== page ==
Conservatives Gain Control Of Poland's Parliament In Historic Election Poland's opposition party has won parliamentary elections. It's a historic win. The party will likely have enough seats to govern alone — something that hasn't happened since democracy was restored in the country in 1989. Martin Sobczyk of The Wall Street Journal explains how the win for the "Law and Justice" party also symbolizes a shift to the right.
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Conservatives Gain Control Of Poland's Parliament In Historic Election

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Conservatives Gain Control Of Poland's Parliament In Historic Election

Conservatives Gain Control Of Poland's Parliament In Historic Election

Conservatives Gain Control Of Poland's Parliament In Historic Election

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  • <iframe src="https://www.npr.org/player/embed/452012172/452012173" width="100%" height="290" frameborder="0" scrolling="no" title="NPR embedded audio player">
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Poland's opposition party has won parliamentary elections. It's a historic win. The party will likely have enough seats to govern alone — something that hasn't happened since democracy was restored in the country in 1989. Martin Sobczyk of The Wall Street Journal explains how the win for the "Law and Justice" party also symbolizes a shift to the right.

ROBERT SIEGEL, HOST:

The refugee crisis in Europe has, not surprisingly, become an issue influencing voters. Poland is the latest example. The country held parliamentary elections yesterday, and a nationalist opposition party is the big winner. It appears that the Law and Justice Party will have the absolute majority - the first time that's happened since the end of communism in Poland in 1989. To talk about the implications of this election, we're joined now by The Wall Street Journal's Martin Sobczyk in Warsaw. Welcome to the program.

MARTIN SOBCZYK: Hi. Thanks for having me.

SIEGEL: And this election is being called historic. Why?

SOBCZYK: It is historic because for the first time, a single political party won more than half of seats in the lower house of Polish Parliament. And also, and perhaps even more importantly, it happened at a very sensitive time in Europe's history, really, when it's faced with the migrant crisis, the Russia-Ukraine crisis in the East. And the Law and Justice Party comes in with very feisty language, sometimes very politically incorrect language, and the change is happening at an extremely important time.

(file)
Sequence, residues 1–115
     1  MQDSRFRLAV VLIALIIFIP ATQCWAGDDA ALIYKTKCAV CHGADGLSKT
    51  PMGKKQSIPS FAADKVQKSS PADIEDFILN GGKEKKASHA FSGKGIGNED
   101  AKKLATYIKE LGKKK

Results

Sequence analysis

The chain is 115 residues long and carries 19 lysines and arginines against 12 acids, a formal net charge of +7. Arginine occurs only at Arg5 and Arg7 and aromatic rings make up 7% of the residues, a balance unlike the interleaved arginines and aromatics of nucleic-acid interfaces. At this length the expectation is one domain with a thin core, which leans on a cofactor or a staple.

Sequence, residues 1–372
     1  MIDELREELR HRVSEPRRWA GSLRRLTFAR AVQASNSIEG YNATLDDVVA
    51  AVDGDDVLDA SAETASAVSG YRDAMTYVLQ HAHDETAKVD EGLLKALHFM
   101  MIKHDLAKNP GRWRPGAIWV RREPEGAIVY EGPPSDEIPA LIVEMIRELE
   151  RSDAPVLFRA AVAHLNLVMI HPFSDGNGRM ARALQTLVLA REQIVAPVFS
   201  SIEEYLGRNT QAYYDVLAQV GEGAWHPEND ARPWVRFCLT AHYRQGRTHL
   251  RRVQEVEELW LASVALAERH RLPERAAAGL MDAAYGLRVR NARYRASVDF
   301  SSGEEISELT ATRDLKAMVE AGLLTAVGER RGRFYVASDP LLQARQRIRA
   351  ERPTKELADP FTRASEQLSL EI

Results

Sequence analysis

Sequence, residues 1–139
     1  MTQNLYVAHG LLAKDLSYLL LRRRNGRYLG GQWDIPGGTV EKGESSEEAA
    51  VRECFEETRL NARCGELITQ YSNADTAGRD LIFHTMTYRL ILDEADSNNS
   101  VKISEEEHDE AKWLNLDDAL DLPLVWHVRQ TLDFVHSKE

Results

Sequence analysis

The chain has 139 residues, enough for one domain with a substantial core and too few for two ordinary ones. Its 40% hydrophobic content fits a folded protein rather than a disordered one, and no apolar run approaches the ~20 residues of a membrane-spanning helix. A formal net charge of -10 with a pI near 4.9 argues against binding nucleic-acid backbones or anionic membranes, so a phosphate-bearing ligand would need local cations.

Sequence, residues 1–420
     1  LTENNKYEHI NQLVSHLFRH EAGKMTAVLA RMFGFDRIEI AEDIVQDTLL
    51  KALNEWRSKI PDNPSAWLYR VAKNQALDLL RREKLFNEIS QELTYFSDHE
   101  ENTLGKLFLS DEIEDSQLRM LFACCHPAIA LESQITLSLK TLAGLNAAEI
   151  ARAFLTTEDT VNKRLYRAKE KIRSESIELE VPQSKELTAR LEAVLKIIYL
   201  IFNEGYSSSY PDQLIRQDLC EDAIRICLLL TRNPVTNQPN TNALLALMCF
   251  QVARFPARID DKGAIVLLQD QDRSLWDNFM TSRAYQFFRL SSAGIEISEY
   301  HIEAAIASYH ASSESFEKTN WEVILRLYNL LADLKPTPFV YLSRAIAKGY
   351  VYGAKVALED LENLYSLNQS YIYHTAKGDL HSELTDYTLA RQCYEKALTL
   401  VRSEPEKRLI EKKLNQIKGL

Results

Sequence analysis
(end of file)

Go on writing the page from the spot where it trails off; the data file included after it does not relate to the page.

SIEGEL: If the next government is going to be a very anti-migrant government - and one of its most important leaders said last week that migrants carry dangerous diseases into Poland for the first time in years - what does that say about the likely relations between Poland and the rest of the European Union or Poland and Germany, for that matter?

SOBCZYK: Well, the relationship between Poland and Germany will probably be more shaky considering that the Law and Justice Party is quite outspoken, and that relationship will be a little rougher than before.

SIEGEL: The Law and Justice Party that won the election so handily is often described as a far-right party. It seems to be a very complex mix of different kinds of positions.

SOBCZYK: It's a huge mix from socialism to tea party-style conservatism. So it's borrowed from all these various ideologies. They want higher pensions and childcare benefits. They want all the elements that a typical European socialist party would want. And on the other hand, it's very conservative in its worldview when - in ethical questions against same-sex civil unions, let alone gay marriage. So it's a hybrid political party that likes to think of itself as a conservative party and a right wing party when, in fact, it's a mix of ideas.

SIEGEL: Poland was the rare spot in the European Union that didn't fall into the recession of 2008. It has seen a huge economic growth in the last seven years. But there's a lot of discontent, obviously, there about the economy. Why? How do you reconcile all that growth with such a big protest vote?

SOBCZYK: Well, just think of your take-home pay. If it's at $750 a month, that's not really a lot. It's become, really, the focus of the public debate here, especially when you realize that more than 2 million people have left Poland over the past 10 years. And Poland is a country of 30 - was a country of 38 million - so 2 million people, and all those people are in their 20s, 30s, 40s. So it's a huge issue and definitely central to Poland's discussion of itself - like, what it wants, where it wants to go from here.

SIEGEL: OK, Martin. Thanks for talking with us today.

SOBCZYK: Thanks for having me.

SIEGEL: That's Martin Sobczyk of The Wall Street Journal in Warsaw.

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